The chart is a guide only. If you fall in-between sizes, the right size for you will depend on your body shape and how loose or tight you like to wear your clothes. Measurements refer to your body not the garment. Jackets and baggies are sized to fit over under-layers - so you should be the same size in both. It's no hassle to swap an item, if your first choice is not the best fit.
Men's vs Women's Sizes
If you're struggling to find exactly what you need in the Outskirts™ women's range, check out our men's products for further size options. Jackets, tights and baggy tops often fit both men and women equally well.
This colour/size is temporarily out of stock. For orders placed today we'll get one to you in about a week... or consider another colour if you can't wait.
Full-length luxury for committed commuters come rain, hail or deluge. 3 layer HydroFoil™ Plus fabric keeps your long pants dry while spiral zipped leg gussets let you pull them on and off over your shoes without any excess fabric to snag your chain.
Specifically developed for high aerobic activities, HydroFoil™ Plus combines a lightweight ripstop nylon shell with a composite membrane that is completely waterproof, totally windproof and extremely breathable. The outer fabric is the latest new-generation Pertex® Shield+ membrane. It is more than twice as breathable as most other quality waterproof-breathable fabrics, and has a small amount of stretch allowing a closer fit. The outer fabric is treated with a water repellent finish that encourages rain to bead up and roll off, while there is a lightweight tricot mesh on the inside for greater durability and improved moisture dispersion.
Composition: 100% nylon with PU laminate.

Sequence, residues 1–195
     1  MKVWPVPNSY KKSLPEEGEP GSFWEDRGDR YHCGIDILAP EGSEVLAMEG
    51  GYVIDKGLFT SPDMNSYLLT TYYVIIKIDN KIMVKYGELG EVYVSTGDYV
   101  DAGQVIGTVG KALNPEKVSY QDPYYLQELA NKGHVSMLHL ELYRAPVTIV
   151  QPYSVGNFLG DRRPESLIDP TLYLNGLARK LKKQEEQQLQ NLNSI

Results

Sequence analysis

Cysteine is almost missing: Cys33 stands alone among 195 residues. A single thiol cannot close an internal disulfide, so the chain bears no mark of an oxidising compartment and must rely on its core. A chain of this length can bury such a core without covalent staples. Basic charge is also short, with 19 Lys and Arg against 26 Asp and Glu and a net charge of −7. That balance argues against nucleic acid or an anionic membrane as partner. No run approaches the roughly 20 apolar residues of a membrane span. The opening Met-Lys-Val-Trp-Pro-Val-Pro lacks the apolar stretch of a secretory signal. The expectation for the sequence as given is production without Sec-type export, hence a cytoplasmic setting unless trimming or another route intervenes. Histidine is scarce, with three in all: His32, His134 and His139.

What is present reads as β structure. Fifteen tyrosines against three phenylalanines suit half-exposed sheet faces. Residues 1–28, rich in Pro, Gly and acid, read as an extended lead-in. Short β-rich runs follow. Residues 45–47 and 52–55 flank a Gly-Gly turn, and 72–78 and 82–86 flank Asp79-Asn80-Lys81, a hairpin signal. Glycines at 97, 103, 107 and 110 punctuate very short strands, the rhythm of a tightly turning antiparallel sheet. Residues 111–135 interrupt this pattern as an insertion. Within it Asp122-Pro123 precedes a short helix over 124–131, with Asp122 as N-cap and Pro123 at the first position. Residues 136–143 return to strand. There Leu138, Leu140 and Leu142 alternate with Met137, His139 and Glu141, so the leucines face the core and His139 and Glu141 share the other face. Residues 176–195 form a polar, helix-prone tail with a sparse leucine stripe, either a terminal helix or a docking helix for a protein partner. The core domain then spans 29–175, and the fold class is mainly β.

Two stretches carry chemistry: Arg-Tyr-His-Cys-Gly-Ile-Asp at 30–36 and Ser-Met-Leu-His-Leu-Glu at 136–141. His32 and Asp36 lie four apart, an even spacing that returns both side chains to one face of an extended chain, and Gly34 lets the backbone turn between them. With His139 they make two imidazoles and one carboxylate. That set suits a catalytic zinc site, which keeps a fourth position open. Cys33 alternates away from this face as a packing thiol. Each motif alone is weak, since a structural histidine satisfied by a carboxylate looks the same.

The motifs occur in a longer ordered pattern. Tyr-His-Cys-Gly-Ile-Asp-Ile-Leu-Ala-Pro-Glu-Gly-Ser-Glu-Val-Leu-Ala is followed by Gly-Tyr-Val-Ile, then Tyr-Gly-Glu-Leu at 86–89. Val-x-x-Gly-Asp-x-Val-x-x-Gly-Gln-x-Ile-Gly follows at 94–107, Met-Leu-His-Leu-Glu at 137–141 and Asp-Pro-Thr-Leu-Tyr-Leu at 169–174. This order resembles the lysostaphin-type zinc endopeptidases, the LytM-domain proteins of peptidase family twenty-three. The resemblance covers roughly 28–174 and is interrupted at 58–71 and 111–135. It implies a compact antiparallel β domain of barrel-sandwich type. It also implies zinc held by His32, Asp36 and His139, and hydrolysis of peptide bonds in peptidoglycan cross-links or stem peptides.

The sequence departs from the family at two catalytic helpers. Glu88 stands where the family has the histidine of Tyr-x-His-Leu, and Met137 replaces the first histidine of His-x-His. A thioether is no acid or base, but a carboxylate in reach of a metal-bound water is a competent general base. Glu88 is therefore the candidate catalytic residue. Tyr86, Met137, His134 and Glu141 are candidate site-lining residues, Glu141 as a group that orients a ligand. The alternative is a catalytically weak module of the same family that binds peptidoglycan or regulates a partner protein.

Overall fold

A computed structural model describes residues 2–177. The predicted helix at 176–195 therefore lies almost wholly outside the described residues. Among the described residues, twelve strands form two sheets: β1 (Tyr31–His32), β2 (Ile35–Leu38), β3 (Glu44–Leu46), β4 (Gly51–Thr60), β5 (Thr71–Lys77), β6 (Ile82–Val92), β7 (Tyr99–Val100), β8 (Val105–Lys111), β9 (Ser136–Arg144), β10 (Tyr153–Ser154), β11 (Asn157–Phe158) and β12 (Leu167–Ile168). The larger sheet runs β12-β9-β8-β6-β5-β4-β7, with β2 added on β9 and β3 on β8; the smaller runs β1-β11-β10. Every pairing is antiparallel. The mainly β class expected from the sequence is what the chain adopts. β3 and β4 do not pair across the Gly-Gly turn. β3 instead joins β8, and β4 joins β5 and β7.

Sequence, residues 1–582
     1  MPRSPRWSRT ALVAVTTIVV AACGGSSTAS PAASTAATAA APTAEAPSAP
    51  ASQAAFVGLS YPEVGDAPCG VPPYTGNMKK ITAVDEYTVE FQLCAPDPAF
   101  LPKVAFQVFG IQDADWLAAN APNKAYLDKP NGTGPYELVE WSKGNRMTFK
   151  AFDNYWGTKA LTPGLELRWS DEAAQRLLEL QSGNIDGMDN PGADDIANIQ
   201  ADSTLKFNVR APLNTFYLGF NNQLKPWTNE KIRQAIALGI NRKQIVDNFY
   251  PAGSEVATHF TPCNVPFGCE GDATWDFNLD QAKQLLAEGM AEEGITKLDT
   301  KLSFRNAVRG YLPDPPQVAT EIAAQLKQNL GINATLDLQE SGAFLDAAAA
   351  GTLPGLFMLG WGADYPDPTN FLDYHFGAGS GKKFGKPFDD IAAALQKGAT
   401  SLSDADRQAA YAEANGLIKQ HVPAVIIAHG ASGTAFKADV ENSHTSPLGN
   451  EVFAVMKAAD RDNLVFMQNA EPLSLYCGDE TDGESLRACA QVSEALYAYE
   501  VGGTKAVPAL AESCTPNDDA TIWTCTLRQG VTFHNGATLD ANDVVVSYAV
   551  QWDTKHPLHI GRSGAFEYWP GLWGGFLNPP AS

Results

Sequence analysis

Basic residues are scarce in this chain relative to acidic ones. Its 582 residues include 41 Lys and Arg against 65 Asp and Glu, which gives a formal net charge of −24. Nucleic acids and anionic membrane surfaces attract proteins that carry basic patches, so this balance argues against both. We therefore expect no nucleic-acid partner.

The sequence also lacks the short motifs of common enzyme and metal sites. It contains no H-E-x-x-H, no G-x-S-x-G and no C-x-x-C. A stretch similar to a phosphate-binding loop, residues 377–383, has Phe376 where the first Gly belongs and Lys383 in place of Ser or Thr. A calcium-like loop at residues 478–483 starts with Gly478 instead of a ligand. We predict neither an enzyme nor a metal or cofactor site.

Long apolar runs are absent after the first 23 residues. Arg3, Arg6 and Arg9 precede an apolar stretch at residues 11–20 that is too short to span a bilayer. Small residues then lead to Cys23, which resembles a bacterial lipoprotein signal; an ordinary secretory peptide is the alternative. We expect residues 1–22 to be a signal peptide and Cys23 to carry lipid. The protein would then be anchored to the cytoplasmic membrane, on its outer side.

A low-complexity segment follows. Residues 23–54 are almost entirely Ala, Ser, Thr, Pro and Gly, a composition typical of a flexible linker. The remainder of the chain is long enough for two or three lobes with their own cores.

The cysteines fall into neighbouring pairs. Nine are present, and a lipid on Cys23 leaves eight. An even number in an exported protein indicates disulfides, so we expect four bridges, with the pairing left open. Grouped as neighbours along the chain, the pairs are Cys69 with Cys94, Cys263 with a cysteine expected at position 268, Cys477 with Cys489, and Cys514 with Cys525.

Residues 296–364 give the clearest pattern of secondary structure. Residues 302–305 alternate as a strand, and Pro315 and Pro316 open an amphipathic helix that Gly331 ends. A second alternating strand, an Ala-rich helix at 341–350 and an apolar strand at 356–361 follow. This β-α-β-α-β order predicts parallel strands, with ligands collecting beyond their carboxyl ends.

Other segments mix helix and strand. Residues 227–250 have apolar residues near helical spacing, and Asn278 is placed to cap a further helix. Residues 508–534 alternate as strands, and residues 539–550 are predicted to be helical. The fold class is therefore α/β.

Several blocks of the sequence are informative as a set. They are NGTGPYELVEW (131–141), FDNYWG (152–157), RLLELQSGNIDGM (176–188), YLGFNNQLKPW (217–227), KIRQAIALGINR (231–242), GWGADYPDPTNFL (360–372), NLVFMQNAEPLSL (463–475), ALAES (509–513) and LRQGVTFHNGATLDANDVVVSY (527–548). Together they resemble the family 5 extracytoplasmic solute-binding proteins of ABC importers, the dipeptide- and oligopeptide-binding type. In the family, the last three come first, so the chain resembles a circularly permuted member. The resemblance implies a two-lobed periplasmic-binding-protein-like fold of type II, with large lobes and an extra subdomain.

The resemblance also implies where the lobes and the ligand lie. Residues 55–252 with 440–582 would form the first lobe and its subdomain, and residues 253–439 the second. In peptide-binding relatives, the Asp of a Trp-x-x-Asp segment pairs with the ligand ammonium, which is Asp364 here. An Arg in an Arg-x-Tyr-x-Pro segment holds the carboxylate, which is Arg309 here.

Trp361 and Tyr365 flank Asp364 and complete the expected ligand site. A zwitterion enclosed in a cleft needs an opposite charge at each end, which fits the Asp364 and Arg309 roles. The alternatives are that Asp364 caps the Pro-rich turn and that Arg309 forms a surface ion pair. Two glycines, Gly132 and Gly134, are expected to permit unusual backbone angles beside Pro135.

Waterproofness: 23,000 mm hydrostatic head with water repellent finish on face fabric.
Outskirts™ garments are designed specifically for women. However If you're struggling to find exactly what you need in the Outskirts™ women's range, check out our men's products for further size options. Jackets, tights and baggy tops often fit both men and women equally well.
Ground Effect clothing is crafted right here in Aotearoa | New Zealand. Has been ever since we started back in 1994. Manufacturing locally works for us. We operate a quick-response system - holding minimal stock of any one item, but churning out a few more quick-smart when the pile gets low. The upshot is that we are seldom caught with our shelves empty, so orders get despatched the same day you place them.
We've extensively tested both full-length and 3/4 waterproof pants over the years. In our experience 3/4's provide the best trade-off between functionality and performance in most conditions - especially for mountain biking, bikepacking and touring.
They are easy to whip on and off over your shoes.
Repel rain from the most exposed areas - your bum and thighs.
Avoid 'chain suck' at your ankles.
Minimise overheating when pedalling hard.
However full-length over trou are sometimes best - notably for commuting when you want to keep your long pants dry, or when touring to really cold and/or wet places.
All Ground Effect clothing enjoys a warm 40ºC machine wash. Try to avoid cold-water detergents and those with bleach, 'oxygen whitener' or fabric softener.
The cold-water varieties have little enzymes that are super-charged to brave the cold but can damage technical fabrics and cause skin irritation.
Bleach rots natural fibres like merino, strips the dye, attacks laminates of waterproof fabrics and can also cause skin irritation.
Sodium Percarbonate (the main ingredient in oxygen whitener) can make colours run.
Fabric softener and stuff containing it like wool wash destroys the water repellent finish on waterproof and water resistant fabrics, and can cause colours to run.
As a rule of thumb, a product that is easy on the planet is also easy on your body. Select a mild plant-based soap like Ecostore, Earthwise or Aware.
Hand washing is sometimes the only option on tour, but a washing machine rinses more thoroughly and is preferable if you have the choice.